It’s best if you organize this information yourself as much as possible. You don’t have to organize it according to any particular scheme, but it’s best for you and for your attorney if you have everything organized according to some scheme. Your attorney should be able to glance at it quickly and easily and see what’s there, what’s not, and what’s still needed. Statements should be provided in order, and everything else should be clearly and carefully labeled so that anyone reading your file or going through your information would know exactly what each statement is. If you don’t, your attorney (or her paralegal or assistant) will have to spend time (and bill you accordingly) to go through all the material and organize it for you. You don’t want that!

If I can’t find these documents, what do I do?

Take a deep breath! Don’t panic! If you can’t find some of these documents, that’s okay.

Let’s talk about discovery. Discovery is the formal process that attorneys use to figure out what’s going on in a case. We can use discovery to find out about whatever the unique issue are in your particular case, so it can do anything at all, from figuring out what to do with your custody situation to figuring out what assets and liabilities there are in a marriage. There are a number of different things we can do, like ask questions or request specific documents, to get the information that we need.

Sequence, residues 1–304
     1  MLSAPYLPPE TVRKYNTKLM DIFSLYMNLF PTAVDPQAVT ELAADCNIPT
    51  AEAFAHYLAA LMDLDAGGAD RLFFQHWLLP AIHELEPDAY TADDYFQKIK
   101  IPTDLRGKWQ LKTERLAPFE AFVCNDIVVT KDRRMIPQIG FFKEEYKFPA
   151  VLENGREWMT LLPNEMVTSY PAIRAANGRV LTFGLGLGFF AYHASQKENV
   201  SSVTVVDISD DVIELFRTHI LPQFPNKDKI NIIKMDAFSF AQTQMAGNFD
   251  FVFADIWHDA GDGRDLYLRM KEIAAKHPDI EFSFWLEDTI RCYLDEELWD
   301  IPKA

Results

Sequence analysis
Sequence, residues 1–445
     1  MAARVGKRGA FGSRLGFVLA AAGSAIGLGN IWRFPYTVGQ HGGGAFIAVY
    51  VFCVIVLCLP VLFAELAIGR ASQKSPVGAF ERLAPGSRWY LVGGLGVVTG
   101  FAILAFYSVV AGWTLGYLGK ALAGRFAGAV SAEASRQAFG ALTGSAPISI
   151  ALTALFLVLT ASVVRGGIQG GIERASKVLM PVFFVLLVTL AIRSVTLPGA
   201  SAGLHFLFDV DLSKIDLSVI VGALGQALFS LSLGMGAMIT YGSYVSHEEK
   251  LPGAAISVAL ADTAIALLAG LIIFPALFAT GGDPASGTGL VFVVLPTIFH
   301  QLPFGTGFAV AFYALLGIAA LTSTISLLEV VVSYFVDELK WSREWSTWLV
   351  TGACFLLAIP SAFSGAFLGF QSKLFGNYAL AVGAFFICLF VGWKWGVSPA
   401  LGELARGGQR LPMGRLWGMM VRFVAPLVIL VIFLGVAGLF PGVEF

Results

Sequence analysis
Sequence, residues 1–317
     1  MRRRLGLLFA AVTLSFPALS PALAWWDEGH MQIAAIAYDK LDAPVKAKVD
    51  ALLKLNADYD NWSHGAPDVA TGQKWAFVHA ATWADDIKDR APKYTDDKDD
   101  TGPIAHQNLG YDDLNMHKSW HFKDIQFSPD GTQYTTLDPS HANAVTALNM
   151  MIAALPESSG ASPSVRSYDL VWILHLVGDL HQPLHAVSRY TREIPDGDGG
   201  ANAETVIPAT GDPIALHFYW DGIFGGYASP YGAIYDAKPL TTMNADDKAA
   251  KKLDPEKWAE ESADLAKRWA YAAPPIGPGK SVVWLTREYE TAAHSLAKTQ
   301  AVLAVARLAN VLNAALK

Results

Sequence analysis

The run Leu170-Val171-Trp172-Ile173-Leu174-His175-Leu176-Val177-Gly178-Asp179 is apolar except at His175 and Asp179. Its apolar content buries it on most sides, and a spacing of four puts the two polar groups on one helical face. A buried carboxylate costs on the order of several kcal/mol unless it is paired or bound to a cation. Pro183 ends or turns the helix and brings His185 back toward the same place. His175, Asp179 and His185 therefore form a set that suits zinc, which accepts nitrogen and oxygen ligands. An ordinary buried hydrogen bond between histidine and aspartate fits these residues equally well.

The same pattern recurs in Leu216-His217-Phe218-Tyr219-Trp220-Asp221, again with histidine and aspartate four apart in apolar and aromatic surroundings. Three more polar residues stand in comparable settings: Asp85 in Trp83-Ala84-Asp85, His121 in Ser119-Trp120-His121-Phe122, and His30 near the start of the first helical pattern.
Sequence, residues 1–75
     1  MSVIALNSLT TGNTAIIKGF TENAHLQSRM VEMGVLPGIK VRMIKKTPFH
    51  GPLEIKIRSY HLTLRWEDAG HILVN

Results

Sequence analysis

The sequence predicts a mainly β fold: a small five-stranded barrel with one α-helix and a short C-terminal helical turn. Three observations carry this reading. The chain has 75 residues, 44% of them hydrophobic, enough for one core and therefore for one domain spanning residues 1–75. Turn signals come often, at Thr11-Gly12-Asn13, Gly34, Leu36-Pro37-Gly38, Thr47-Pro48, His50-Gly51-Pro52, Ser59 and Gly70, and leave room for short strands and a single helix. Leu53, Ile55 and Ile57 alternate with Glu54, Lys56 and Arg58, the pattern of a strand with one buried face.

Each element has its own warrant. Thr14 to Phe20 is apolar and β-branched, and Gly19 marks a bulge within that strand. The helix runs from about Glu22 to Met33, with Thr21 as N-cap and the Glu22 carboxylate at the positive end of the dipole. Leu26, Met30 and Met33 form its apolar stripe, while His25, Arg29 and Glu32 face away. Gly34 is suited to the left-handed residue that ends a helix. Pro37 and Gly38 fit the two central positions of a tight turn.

You propound discovery on your husband to ask for the information you don’t have, and he’ll propound discovery on you to get the information he doesn’t have. That’s step one.

So, if discovery has been propounded on you, and you don’t have the documents, don’t panic. Technically, in discovery, you only have to provide documents that are in your care or control, so if it’s not something that you have a physical copy of, or something that you can request a statement from, then you can tell him that. He may have to resort to other measures to get copies of whatever information he’s looking for if you can’t find it.

That being said, of course, most things are relatively easy to get copies of. Most companies have a website, and you can almost always find information to contact them directly and request copies of statements or account information, or even log into an online client portal where you can get instant access to the information yourself.